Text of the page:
Parker Shattuck Neighbors v. Berkeley City Council (2013) ___ Cal. App. 4th. ___ (Dec. 4, 2013).
In the last published CEQA case of 2013, the First District Court of Appeal upheld the City of Berkeley’s decision not to prepare an EIR for a mixed-use and residential project where petitioners failed to show that the project would have a significant effect on the environment.
The Parker Place Project is a three-parcel mixed-use and residential development that will replace a Honda dealership at the intersection of Parker and Shattuck streets in downtown Berkeley. Three environmental site-assessment reports revealed that the lots had contained underground gasoline storage tanks, as well as volatile organic compounds (VOC) in the soil and water samples. However, VOC levels did not exceed contaminant thresholds established by the San Francisco Regional Water Quality Control Board, and the studies concluded that contamination would not likely require cleanup and at least some chemicals were naturally occurring. All storage tanks underlying the property were removed.
Two years after removal of the last tank, developer CityCentric applied to begin constructing the project. The city council approved it, and petitioner Parker Shattuck Neighbors challenged the approval. The trial court ordered the city to vacate its approval for failure to hold a public hearing after modifying the project. The city conducted a second round of administrative proceedings and ultimately proposed a mitigated negative declaration (MND) after finding that mitigation could reduce any potential environmental impacts to less-than-significant levels. Parker Shattuck sought to set aside approval of the MND and to compel the city to prepare an EIR. The group was primarily concerned that the site’s soil contamination was a significant environmental impact, which the MND failed to adequately mitigate.
A lead agency must prepare an EIR whenever substantial evidence supports a fair argument that a proposed project may have a significant effect on the environment. It is the petitioner’s burden to demonstrate a “fair argument” for environmental harm. The Court of Appeal held that Parker Shattuck failed to identify substantial evidence supporting a fair argument that potential health risks to workers and future residents might constitute a significant environmental impact. It did not consider whether the MND contained adequate mitigation measures because insignificant effects do not require mitigation.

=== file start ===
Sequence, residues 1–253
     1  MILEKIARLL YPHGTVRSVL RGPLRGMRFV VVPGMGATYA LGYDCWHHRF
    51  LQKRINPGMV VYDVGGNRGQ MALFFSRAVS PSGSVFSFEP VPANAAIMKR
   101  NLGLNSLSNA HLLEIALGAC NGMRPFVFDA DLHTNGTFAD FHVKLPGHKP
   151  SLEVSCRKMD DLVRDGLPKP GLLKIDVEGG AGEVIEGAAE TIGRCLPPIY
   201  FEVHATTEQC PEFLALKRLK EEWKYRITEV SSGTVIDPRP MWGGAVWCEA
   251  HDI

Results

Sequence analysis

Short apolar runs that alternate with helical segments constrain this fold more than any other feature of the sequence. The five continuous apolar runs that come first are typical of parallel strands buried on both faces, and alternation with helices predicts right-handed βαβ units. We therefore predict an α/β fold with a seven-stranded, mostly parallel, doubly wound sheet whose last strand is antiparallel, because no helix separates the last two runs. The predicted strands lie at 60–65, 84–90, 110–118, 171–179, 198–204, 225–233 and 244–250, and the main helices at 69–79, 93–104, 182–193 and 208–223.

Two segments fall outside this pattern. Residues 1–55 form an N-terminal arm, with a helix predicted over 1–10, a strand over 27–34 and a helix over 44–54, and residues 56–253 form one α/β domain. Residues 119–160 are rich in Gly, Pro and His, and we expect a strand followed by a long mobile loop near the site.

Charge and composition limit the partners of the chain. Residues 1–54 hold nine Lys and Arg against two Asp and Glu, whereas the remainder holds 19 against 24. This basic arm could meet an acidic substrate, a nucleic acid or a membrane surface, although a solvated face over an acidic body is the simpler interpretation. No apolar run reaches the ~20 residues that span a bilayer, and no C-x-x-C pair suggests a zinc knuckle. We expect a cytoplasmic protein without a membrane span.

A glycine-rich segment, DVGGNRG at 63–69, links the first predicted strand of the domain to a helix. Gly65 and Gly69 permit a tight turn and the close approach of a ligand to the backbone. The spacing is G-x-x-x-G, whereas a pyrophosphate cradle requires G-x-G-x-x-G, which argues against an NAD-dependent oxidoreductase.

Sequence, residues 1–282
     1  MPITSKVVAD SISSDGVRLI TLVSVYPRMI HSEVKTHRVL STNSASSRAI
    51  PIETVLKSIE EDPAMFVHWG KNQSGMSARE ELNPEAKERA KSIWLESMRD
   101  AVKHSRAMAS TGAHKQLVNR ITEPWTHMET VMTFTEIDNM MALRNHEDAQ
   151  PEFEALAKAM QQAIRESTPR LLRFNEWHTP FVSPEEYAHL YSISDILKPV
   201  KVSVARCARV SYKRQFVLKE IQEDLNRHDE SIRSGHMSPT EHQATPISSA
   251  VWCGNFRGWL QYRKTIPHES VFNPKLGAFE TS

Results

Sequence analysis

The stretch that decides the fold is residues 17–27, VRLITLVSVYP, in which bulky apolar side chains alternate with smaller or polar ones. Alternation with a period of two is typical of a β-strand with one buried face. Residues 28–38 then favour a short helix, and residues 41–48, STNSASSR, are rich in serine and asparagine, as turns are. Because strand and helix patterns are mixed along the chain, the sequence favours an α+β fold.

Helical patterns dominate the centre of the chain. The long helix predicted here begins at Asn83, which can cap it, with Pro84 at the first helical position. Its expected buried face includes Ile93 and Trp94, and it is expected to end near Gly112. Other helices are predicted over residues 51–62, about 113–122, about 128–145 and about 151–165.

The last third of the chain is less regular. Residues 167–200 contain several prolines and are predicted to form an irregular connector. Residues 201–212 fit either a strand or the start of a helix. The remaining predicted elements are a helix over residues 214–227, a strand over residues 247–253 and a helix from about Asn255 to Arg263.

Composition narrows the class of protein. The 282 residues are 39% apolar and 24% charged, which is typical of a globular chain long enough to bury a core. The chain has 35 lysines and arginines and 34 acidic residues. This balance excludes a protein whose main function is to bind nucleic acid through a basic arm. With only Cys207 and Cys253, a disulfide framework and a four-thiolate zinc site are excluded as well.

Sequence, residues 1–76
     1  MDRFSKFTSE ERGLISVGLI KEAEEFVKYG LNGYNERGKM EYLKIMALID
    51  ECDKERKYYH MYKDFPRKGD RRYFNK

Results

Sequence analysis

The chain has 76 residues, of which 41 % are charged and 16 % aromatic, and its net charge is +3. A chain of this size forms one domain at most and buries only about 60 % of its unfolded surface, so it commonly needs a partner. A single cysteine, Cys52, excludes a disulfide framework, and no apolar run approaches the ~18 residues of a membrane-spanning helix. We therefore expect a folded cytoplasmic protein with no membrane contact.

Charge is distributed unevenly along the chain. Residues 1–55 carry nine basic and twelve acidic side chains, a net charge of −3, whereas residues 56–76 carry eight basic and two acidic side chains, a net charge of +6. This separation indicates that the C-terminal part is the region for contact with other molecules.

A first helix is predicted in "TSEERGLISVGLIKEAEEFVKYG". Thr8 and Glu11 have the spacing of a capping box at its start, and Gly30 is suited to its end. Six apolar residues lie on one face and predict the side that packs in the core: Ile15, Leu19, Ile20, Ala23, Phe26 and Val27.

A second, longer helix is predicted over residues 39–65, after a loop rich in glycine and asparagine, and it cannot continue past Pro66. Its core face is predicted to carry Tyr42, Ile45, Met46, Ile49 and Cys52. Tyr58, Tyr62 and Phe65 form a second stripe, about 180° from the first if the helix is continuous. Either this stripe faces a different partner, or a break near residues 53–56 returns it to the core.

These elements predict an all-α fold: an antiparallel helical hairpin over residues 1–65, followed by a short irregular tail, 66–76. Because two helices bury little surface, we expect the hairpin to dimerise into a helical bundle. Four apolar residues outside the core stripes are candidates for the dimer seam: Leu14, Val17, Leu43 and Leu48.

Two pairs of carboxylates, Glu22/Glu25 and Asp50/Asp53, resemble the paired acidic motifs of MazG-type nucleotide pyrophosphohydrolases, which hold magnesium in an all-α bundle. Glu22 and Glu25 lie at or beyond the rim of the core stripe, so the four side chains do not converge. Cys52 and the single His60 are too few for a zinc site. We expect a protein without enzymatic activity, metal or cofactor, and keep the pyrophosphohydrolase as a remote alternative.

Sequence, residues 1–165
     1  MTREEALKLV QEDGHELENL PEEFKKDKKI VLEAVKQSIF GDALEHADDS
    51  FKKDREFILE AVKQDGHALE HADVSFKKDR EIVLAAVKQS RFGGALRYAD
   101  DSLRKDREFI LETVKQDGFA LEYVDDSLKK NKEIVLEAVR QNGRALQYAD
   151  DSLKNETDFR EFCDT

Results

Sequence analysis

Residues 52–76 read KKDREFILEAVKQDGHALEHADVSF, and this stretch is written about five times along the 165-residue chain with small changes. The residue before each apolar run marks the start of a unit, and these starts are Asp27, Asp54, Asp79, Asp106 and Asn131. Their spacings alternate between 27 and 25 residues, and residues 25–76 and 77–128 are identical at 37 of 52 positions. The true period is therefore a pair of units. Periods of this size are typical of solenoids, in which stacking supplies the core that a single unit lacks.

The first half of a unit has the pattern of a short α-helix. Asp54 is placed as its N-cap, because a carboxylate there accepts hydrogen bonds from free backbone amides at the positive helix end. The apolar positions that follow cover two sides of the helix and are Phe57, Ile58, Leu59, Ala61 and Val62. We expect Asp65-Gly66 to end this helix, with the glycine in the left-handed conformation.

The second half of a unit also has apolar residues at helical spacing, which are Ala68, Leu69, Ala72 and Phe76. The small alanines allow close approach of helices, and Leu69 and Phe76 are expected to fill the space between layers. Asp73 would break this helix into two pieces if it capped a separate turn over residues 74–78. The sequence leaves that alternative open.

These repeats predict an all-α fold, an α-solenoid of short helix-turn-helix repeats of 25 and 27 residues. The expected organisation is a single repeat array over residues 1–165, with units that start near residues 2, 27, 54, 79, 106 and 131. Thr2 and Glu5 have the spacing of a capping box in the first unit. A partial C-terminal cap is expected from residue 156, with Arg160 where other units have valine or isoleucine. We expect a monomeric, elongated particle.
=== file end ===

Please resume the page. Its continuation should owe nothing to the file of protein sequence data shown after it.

The court declined to address whether CEQA required assessment of the effects of the environment on a project (in addition to the effects of a project on the environment) because it found that here, petitioner was arguing that the project would physically change the environment by disturbing contaminated soil. However, the court rejected the notion that the existence of toxic soil contamination at a project site is itself necessarily a significant impact requiring CEQA review and mitigation. The court also found that the site’s appearance on a list of hazardous locations merely meant it was not categorically exempt from CEQA review; it did not mean the project required an EIR.
The court did not decide whether adverse effects confined only those who build or reside in a project can ever render the effects of a physical change significant, given that CEQA generally does not regulate environmental changes that do not affect the public at large. Here, Parker Shattuck did not identify evidence sufficient to support a fair argument of significance even if there were health risks to the project’s workers and future residents. A scientific expert’s suggestion to investigate further, the court added, was not substantial evidence of an adverse impact.